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When local business wins, we all win

Brookhaven Alderwoman Shelley Harrigill was not shy about her disdain for the portable building business that sprouted at the corner of Industrial Park Road and Union Street Extension.

Harrigill and the rest of the Board of Aldermen were asked to vote on the city’s Board of Adjustments’ recommendation to grant a variance to zoning ordinances so the business could locate an office in one of the portable buildings.

The Board of Adjustments had signed off on the variance, but final say rested with the Board of Aldermen.

During the discussion before the vote, Harrigill said she didn’t mind the office being there, but didn’t want the rest of the portable buildings to be there at a busy intersection.

“That’s the problem that I have with it,” she said. “They have about 10 modular buildings sitting on the corner of Industrial Park and Union Street Extension at a main thoroughfare and it looks awful. I don’t have an objection to the office, I just have an objection to the location.”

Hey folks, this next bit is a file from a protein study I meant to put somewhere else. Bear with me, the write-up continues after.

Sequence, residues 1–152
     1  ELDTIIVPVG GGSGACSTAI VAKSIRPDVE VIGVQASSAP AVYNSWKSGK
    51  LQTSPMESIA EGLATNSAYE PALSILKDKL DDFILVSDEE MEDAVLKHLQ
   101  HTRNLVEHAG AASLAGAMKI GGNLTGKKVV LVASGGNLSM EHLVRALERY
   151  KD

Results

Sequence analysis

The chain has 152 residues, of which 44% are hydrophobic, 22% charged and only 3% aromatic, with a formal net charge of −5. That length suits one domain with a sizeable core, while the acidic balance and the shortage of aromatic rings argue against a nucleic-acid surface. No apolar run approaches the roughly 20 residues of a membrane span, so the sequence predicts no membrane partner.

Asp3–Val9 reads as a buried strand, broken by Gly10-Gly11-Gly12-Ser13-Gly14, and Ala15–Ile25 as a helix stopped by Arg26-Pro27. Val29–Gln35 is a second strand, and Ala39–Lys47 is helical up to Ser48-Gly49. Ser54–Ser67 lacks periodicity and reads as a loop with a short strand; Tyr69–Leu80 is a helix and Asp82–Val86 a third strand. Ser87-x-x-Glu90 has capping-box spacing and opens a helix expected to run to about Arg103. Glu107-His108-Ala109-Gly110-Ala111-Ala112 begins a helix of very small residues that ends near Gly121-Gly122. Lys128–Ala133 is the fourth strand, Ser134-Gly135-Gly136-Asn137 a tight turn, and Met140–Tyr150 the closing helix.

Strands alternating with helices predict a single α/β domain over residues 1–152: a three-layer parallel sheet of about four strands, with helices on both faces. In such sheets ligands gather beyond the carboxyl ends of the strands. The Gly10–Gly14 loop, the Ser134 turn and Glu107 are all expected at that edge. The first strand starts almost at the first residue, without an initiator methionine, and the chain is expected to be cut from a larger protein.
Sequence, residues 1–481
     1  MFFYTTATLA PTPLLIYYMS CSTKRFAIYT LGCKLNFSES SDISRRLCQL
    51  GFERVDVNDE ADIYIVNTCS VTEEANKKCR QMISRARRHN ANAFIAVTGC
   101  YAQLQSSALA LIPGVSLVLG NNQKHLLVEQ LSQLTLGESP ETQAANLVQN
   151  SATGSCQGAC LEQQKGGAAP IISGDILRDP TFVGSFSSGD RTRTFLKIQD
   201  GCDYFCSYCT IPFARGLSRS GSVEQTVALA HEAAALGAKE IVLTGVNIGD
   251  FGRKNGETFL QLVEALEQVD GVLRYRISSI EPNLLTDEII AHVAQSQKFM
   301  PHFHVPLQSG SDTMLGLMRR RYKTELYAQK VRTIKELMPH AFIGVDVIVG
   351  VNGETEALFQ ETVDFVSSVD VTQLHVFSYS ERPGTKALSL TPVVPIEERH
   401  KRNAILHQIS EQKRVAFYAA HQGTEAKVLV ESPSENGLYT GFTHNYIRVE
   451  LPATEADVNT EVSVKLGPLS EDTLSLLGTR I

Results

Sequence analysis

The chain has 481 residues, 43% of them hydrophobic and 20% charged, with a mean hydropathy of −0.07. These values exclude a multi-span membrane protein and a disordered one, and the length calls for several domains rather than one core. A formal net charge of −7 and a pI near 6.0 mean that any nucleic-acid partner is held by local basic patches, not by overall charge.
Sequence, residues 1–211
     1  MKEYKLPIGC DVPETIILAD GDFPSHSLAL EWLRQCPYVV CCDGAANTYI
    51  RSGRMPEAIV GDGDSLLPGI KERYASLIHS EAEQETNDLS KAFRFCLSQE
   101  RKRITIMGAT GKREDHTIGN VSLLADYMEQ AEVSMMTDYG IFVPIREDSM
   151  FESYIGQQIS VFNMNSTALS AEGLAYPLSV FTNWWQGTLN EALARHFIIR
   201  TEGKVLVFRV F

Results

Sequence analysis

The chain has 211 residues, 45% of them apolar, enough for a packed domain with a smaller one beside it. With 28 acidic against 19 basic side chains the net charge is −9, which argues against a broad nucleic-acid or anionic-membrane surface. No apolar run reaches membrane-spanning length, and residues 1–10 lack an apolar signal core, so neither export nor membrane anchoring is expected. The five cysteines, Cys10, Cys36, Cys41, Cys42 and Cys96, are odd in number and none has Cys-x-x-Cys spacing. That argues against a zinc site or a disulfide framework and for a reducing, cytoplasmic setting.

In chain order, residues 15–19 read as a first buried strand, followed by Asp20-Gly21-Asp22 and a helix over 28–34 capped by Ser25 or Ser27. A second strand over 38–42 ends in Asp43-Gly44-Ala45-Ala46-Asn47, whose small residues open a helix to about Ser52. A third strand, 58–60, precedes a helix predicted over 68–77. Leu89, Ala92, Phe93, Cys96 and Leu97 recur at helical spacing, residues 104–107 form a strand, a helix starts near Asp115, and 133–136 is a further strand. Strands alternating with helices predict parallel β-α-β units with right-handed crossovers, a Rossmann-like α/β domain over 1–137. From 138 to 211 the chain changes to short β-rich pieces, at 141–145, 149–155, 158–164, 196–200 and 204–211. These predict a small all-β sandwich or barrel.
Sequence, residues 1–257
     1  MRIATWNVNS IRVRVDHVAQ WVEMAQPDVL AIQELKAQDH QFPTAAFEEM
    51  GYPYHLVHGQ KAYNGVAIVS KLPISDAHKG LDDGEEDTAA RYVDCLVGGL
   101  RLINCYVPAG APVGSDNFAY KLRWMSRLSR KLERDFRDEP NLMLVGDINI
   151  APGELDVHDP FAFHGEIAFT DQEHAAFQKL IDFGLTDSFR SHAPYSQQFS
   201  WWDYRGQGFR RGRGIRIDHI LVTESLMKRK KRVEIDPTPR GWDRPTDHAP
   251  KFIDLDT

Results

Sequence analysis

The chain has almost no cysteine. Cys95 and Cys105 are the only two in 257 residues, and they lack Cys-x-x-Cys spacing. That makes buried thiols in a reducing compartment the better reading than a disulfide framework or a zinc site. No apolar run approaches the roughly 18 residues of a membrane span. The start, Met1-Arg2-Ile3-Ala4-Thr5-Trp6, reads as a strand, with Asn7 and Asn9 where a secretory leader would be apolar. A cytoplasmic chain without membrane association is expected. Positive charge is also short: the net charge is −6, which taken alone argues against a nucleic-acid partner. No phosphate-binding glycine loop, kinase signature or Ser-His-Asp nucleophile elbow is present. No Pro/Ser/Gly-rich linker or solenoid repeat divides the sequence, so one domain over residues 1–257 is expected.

“It’s the absolute worst place ever,” she said. “They can do it, but they just threw those things out there. It’s the worst looking eyesore.”

That particular lot is zoned for commercial use, meaning a business can locate there and sell just about anything, including modular buildings. It might seem odd since it is very close to an apartment complex, but it’s the business owner’s prerogative to locate there.

While we understand Harrigill’s desire for aesthetically pleasing businesses, it’s an overstep of government to punish a business simply because members of the board don’t like the looks of the establishment.

The board voted 4-2 in favor of the zoning variance. Alderman Jason Snider was the other “no” vote.

If board members do not feel that the lot is appropriately zoned, then they can fight their battle from that angle. But it feels unnecessarily harsh to so publicly denounce a business based only on its appearance and location. The business does not appear to be breaking any laws or harming anyone. If the business succeeds, the city stands to benefit from the sales tax collections.

That’s a win for everyone.